Studio: Origin Releasing
Director: Brandon Slagle
Writer: Brandon Slagle
Producer: Liz Cuppie, Patrick W. Henry
Stars: Devanny Pinn, Britt Griffith, Noah Dahl, Alexis Iacono, Cleve A. Hall, Jessica Cameron
The ghosts of Elizabeth Short and The Black Dahlia Avenger return under bizarre circumstances in contemporary Los Angeles.
There is a delicate amount of finesse involved when reviewing horror movies of the microbudget independent variety. Not all sins are automatically absolved based upon money spent and relative greenness of the talent in front of and behind the lens. But there is an understanding that the standard of quality leveled against a Martin Scorsese Hollywood blockbuster cannot be the same barometer used when evaluating a SyFy Channel monster movie made for a fraction of that cost and in one-tenth of the time. Still, there has to be some measure of value. And when it comes to certain cinematic efforts, mincing words does no one any favors. The fact is that “The Black Dahlia Haunting” is a cheap, amateur level production with little to redeem it as at all worthy of a recommendation.
In 1947, Elizabeth Short was an otherwise unknown young woman whose gruesome murder and vivisection would infamously immortalize her as “The Black Dahlia,” one of Hollywood’s most notorious unsolved homicides. “The Black Dahlia Haunting” piggybacks off that true crime for its contemporary set serial killer meets ghostly possession horror story. Holly Jenson is summoned to Los Angeles to meet with her younger brother Tyler, recently institutionalized for shooting his parents. Through a strange series of events, Holly becomes host to the ghost of Elizabeth Short. Meanwhile, the spirit of Elizabeth Short’s sadistic killer finds its own way to live on until the two entities collide again in the present day.
Undoubtedly, one fun thing about making your own movie is being able to wink and nod at friends and family by doling out onscreen roles. Except that if those buddies and relatives cannot act, they are better off filling the seats as audience members instead of filling the cast list as performers. A small number of actors, such as Noah Dahl playing younger brother Tyler, are easy to swallow while most of the others appear to have as much acting ability as an average Walgreens pharmacist. Fret not if that analogy makes little sense. Not much in “The Black Dahlia Haunting” does either.
Grasping tightly at the largest thread unraveling the sweater is a haphazard approach to editing, act structure, and cinematic style. Without any semblance of rhythm or purpose, scenes abruptly cut, occasionally fade, include random music video style jumps, or employ any other number of yawn inspiring transitions used as one-offs. These include a time lapse dissolve of the studious doctor preparing to drink wine while a public domain Beethoven sonata plays in the background and a walking around Hollywood montage set to an imitation moody pop song.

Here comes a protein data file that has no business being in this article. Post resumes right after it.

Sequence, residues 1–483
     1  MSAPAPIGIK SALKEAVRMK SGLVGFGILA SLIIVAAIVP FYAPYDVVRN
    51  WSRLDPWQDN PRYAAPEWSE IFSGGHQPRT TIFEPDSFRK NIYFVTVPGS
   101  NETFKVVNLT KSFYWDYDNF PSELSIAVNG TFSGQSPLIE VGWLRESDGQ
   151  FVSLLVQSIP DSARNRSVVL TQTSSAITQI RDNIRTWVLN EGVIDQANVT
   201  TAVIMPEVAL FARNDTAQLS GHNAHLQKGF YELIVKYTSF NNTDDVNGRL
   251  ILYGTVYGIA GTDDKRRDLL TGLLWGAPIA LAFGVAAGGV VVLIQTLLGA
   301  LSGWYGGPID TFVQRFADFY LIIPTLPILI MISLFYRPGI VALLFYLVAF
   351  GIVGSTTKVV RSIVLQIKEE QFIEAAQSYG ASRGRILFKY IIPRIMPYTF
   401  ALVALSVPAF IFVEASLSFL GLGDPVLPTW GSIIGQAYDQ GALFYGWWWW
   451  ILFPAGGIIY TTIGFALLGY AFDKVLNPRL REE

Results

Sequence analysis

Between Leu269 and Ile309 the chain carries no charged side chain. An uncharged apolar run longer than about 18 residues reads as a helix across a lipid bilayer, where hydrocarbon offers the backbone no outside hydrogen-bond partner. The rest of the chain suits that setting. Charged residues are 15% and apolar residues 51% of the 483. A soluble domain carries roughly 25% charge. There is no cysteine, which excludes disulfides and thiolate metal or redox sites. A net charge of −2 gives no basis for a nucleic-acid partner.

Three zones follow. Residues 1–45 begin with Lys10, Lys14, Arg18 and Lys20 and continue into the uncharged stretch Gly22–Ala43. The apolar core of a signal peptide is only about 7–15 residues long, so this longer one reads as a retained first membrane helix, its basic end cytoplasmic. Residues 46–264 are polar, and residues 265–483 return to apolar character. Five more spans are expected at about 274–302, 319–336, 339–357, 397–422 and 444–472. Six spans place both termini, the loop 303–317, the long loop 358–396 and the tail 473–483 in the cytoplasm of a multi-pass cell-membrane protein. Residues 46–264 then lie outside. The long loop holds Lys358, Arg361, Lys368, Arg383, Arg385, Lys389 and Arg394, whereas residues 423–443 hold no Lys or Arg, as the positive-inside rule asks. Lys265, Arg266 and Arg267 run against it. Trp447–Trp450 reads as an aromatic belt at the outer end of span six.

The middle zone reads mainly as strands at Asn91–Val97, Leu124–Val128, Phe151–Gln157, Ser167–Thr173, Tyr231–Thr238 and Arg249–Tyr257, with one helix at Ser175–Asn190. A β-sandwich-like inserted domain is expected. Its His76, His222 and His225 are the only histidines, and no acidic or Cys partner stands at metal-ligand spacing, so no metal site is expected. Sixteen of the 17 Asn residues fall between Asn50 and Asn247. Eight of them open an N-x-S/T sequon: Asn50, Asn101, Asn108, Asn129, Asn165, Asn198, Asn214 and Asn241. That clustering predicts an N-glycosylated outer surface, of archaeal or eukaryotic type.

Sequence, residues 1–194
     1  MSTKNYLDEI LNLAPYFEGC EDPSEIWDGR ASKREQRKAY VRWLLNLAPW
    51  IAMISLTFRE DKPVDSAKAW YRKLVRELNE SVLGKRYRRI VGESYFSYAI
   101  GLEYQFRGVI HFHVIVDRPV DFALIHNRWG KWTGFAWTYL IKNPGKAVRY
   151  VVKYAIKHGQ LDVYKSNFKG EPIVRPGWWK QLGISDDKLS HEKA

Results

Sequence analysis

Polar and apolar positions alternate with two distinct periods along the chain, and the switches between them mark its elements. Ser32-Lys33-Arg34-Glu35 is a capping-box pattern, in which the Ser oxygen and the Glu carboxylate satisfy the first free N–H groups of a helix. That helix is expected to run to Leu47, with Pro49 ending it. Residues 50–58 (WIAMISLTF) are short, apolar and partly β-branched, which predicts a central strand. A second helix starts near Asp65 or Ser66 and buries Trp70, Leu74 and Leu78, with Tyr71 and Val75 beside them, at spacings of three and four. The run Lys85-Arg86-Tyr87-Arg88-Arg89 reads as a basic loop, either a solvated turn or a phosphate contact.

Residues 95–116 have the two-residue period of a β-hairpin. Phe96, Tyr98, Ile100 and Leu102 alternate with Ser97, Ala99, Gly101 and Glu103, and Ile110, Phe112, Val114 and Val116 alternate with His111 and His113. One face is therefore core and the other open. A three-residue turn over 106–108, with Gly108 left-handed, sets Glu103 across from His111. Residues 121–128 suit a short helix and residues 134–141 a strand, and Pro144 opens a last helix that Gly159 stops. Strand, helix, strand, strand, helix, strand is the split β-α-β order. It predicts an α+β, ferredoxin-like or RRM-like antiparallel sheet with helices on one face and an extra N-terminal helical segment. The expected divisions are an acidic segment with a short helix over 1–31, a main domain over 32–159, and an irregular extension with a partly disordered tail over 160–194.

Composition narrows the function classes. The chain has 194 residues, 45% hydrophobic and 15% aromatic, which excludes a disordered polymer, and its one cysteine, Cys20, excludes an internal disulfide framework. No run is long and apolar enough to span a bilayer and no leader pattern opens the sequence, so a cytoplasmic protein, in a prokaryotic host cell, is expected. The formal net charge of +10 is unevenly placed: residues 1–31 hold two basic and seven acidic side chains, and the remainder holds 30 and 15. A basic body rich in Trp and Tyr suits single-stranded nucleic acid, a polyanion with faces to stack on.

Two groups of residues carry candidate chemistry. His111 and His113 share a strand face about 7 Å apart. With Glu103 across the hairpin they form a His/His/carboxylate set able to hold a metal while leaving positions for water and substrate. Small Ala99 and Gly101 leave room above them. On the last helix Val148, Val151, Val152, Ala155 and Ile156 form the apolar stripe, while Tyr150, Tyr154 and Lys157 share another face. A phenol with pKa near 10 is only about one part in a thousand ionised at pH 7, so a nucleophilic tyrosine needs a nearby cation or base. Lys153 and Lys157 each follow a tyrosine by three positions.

The film’s sense of timing is way off when it comes to juxtaposing concurrent scenes and story threads. Compounding its own confusion is a completely disorienting notion of how to occupy the minutes. Football field sized gaps between line deliveries stretch scenes with dialogue like saltwater taffy. Random shots of Vincent Price in “The Last Man on Earth” and an imitation version of “The Walking Dead” are shown on a hotel television for no apparent reason. The final torture scene is painful not for its depiction of misogynistic brutality, but because it drags on unnecessarily to the point of boredom.
“The Black Dahlia Haunting” extends its total runtime by tacking on seven minutes worth of the slowest end credit crawl in movie history. Most of that is composed of 86 names listed under Special Thanks, the majority of which are just the filmmakers’ idols and influences like Ridley Scott and Stanley Kubrick. Factor in that title cards accompany the first five minutes of the film and that adds up to credits occupying 15% of the 80-minute length.
When it comes to exterior locations, cinematography is limited simply to turning on the camera and pointing it towards the action, without any regard for controlling external lighting conditions. Awkwardly animated black smoke and television static rendered extinct by the 2009 DTV conversion stand in for attempts at tense scares. Bostonian Elizabeth Short has a vaguely New York accent. Marilyn Monroe pops up from nowhere. And a goofy lipstick job on Holly’s Glasgow smile makes her more reminiscent of Heath Ledger’s Joker than the butchered Black Dahlia.
Stir all of the above in a vat, set to potboil, and there is no question regarding how the film ended up being lackluster. Somewhere at the bottom, there may have once been the germ of a vaguely interesting concept about intertwining the real world tragedy of Elizabeth Short with a contemporary ghost story about possession and murder. But that particular seed had no chance of blooming while buried under conflicting choices about film structure and a schizophrenic approach to low grade moviemaking.
Review Score: 30